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Florida and the Clean Water Act in 2010

Posted: Sun May 10, 2009 7:25 am
by William Djubin
This is my first Reef Check post.

Many of you are aware of the disasterous situation that is pending for the Florida SE Reef Tract.
With an ongoing population boom, unprecidented development of coastal areas, and a fever for the Bio-fuel opportunity to lead= all of this creates massive stresses for the Reefs.

This year 2009, Reef Check successfully launched a S. Florida campaign, and I participated in the launch and became Eco-diver certified.

One of the most important instruments for protecting on-shore reefs is a comprehensive (inland/point/non-point) Water Quality Monitoring System with a Total Maximum Daily Loads methodology.
Since 1998 the State of Florida has not been protected by the Clean Water Act.

Florida should have Clean Water Act protection in 2010, with numerical values to assess the damaged/impaired bodies of water. (over 2,000)
-story is here

-the 2009 EPA determination of Florida's Water

Posted: Thu Jul 30, 2009 8:21 am
by William Djubin
Magnitude of Nutrient Over-Enrichment in Florida
(this passage is copied from the original EPA document linked below)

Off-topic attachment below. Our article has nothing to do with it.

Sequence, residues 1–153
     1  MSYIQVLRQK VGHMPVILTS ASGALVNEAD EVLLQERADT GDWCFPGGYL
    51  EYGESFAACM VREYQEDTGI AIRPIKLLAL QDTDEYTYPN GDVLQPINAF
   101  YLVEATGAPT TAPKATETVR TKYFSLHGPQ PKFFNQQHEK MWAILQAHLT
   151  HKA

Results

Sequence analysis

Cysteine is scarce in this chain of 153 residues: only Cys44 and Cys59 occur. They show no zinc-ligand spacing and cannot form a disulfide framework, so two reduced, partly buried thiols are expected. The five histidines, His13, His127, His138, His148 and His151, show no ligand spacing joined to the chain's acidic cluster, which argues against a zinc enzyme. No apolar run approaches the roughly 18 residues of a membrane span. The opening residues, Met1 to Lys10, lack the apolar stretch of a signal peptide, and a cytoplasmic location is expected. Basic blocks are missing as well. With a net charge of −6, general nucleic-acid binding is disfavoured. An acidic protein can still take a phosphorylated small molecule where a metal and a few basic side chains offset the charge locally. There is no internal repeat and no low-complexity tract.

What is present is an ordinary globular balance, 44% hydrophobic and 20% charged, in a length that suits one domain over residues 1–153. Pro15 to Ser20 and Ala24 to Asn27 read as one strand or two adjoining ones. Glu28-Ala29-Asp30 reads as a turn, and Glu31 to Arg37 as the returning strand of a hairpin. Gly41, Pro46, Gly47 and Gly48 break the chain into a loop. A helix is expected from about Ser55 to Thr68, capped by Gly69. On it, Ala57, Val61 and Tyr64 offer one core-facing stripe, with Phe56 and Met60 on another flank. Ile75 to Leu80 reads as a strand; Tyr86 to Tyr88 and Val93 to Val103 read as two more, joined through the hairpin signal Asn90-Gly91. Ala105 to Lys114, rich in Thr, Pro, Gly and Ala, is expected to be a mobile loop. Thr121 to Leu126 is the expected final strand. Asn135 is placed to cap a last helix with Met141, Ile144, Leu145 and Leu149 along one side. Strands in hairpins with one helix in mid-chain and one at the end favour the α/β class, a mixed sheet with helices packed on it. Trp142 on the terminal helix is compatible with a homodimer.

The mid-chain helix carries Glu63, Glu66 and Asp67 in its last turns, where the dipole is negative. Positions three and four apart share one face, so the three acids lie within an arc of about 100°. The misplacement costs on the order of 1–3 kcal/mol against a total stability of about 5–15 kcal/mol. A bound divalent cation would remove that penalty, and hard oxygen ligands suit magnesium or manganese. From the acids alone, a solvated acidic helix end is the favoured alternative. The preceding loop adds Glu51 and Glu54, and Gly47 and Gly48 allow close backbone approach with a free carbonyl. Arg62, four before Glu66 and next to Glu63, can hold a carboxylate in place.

Things must change in Florida soon...

Water quality degradation due to nutrient over-enrichment is a significant
environmental issue in Florida. Florida’s Department of Environmental Protection has
acknowledged and documented the magnitude of over-enrichment. According to
Florida’s 2008 Integrated Report,6 approximately 1,000 miles of rivers and streams,
350,000 acres of lakes, and 900 square miles of estuaries are impaired for nutrients in the
State. To put this into context, these values represent approximately 16% of the assessed
river and stream miles, 36% of the assessed lake acres, and 25% of the assessed square
miles of estuaries that Florida has listed as impaired under the IWR. The actual number
of miles and acres of waters impaired for nutrients is likely higher, as many waters
currently classified as “unassessed” may also be impaired.
This conclusion is based upon a range of available information, including the vast
amounts of monitoring data that exist on nutrient-related parameters in Florida waters.
With almost 800,000 nutrient-related data points in STORET (including nitrogen,
phosphorus, chlorophyll-a, and turbidity), Florida has substantially more data points than
any other State or Territory to clearly characterize the magnitude of its nutrient

Florida and the Clean Water Act in 2013.

Posted: Sun Feb 03, 2013 8:19 pm
by William Djubin
Federal mandate but still.
We are still in 2013 not protected by the Clean Water Act in Florida. Un-real.
Florida needs to be protected by the Clean Water Act. Thank you